17 July 2017
The HALO research aircraft flies all over the world for atmospheric and climate research.
DLR (CC-BY 3.0).
The BAe 146 research aircraft belonging to the British FAAM (Facility for Airborne Atmospheric Measurements) is being used in parallel with HALO around London.
En route to the planned destinations, low-level flight measurements are also taking place above nearby Munich.
31 research institutes are involved in the HALO project.
Aero-Art Frank Herzog..
The HALO research aircraft is unique in the world and is opening up new dimensions in the study of the atmosphere. The combination of range, cruising altitude, payload and comprehensive instrumentation make the aircraft a globally unique research platform.
Emissions from major cities can spread beyond the limits of these urban areas under certain weather conditions. When this happens, the wind often carries particles and gaseous pollutants over 1000 kilometres. The German Aerospace Center (Deutsches Zentrum für Luft- und Raumfahrt; DLR) is currently carrying out a series of research flights, lasting until until 30 July, to find out more about the distribution and conversion of emissions from London, Rome, the Ruhr region and other European urban areas. Scientific leadership of the international EMeRGe project (Effect of Megacities on the transport and transformation of pollutants on the Regional and Global scales) is the responsibility of the University of Bremen. The aim is to better understand and be able to predict the extent and effects of air pollution from populated areas on Earth's atmosphere.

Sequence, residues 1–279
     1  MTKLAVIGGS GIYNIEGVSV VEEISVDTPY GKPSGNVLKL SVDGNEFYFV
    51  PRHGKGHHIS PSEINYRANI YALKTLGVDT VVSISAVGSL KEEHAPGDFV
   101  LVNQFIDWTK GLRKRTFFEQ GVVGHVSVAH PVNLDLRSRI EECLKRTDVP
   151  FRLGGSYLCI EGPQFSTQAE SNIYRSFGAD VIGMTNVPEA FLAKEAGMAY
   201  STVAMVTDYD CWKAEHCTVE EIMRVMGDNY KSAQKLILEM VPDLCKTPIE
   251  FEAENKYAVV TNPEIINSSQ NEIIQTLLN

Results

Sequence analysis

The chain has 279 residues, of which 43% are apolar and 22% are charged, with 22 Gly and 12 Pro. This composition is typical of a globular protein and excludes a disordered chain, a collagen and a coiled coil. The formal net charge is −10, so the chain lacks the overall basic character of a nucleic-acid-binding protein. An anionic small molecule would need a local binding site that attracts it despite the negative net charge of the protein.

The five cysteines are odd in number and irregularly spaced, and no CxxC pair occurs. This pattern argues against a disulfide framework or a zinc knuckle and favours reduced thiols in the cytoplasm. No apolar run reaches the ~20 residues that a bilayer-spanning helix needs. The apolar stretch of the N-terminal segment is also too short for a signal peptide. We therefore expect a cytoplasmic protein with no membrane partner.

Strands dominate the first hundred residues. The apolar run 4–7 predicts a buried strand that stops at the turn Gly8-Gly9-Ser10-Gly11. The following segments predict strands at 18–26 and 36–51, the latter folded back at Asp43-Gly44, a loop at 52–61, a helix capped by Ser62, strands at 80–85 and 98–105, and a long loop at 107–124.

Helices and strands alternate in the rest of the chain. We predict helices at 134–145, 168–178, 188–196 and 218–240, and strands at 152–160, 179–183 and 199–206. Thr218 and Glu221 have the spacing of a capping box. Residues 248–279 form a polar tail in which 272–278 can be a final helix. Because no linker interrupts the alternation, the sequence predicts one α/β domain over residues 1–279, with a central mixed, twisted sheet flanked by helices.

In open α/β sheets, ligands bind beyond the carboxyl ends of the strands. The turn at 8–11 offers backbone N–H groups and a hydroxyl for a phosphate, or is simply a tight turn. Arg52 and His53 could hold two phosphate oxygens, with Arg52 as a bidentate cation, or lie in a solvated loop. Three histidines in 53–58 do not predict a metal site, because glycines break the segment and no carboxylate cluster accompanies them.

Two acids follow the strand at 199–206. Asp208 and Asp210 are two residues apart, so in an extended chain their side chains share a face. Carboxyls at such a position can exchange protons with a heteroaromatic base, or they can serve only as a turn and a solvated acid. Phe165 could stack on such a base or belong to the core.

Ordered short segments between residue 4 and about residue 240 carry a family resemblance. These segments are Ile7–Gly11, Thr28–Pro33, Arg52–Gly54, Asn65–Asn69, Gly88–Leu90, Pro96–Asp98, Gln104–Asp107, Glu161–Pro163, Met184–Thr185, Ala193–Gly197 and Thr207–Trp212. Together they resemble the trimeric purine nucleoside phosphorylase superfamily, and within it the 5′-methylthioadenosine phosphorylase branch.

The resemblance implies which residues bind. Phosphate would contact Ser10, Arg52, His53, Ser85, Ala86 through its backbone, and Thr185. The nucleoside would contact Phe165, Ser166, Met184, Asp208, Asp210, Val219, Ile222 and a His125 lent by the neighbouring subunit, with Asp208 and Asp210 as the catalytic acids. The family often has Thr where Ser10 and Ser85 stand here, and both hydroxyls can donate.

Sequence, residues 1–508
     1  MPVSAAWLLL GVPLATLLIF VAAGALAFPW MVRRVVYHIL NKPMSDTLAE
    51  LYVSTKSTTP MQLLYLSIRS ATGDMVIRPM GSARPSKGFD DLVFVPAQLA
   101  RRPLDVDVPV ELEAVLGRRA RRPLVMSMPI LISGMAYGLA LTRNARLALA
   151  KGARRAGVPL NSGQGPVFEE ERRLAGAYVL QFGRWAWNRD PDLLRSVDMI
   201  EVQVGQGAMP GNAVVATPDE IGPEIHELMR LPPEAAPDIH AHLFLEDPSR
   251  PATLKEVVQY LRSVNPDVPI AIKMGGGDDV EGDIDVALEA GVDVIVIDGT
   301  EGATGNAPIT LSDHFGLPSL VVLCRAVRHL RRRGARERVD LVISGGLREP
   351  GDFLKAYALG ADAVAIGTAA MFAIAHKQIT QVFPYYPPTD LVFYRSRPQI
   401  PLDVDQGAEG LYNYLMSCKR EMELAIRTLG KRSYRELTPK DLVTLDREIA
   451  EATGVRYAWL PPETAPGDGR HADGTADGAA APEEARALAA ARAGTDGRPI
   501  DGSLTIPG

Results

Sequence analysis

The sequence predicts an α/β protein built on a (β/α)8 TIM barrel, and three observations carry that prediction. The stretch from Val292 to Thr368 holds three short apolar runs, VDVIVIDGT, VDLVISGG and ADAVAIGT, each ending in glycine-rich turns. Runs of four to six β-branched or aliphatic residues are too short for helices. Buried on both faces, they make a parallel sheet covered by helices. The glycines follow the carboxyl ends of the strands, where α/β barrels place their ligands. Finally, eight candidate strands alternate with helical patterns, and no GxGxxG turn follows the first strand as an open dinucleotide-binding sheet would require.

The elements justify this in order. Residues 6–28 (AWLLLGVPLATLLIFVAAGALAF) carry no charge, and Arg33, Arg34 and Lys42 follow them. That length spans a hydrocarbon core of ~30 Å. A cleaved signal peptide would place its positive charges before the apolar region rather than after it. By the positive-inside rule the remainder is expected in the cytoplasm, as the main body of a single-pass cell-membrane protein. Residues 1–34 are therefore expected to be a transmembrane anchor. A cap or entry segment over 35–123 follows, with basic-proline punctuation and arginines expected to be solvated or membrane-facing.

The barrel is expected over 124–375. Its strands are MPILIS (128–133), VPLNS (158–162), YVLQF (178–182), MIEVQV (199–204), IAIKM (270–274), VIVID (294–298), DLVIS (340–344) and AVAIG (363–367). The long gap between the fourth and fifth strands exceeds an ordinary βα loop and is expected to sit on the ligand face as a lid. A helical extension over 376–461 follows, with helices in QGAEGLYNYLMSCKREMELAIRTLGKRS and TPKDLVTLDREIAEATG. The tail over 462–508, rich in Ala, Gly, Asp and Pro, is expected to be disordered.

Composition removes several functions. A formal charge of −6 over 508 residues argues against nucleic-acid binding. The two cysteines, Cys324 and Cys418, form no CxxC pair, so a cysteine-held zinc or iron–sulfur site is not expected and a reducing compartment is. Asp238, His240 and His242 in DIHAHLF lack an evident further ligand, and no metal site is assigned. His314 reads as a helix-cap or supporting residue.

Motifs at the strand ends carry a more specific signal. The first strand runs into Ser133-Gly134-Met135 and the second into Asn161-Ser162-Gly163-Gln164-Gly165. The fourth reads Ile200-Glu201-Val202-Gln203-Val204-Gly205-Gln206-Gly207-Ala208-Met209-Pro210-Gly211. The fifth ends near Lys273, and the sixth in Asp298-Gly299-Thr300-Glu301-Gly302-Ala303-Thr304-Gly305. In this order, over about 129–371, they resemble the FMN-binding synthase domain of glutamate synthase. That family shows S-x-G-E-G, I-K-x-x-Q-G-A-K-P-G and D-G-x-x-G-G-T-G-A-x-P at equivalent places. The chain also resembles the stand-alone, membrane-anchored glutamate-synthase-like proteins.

"In total, 52 flight hours are planned over some of Europe's metropolitan regions by the end of July," says project leader John P. Burrows from the Institute of Environmental Physics at the University of Bremen. "In total, 52 flight hours are planned over some of Europe's metropolitan regions by the end of July," says project leader John P. Burrows from the Institute of Environmental Physics at the University of Bremen. The HALO research aircraft is equipped with a total of 20 instruments to capture the various gas and particle emissions from major cities. "We want to understand in detail how emissions are spatially distributed in the atmosphere under different weather conditions and find out which conversion processes take place that lead to secondary photooxidants and aerosol particles," says Hans Schlager from the DLR Institute of Atmospheric Physics. "For example, we are investigating the formation of ozone from nitrogen oxides, hydrocarbons, particles of sulphur dioxide and organic precursor compounds."
Altitude profile of pollutant distribution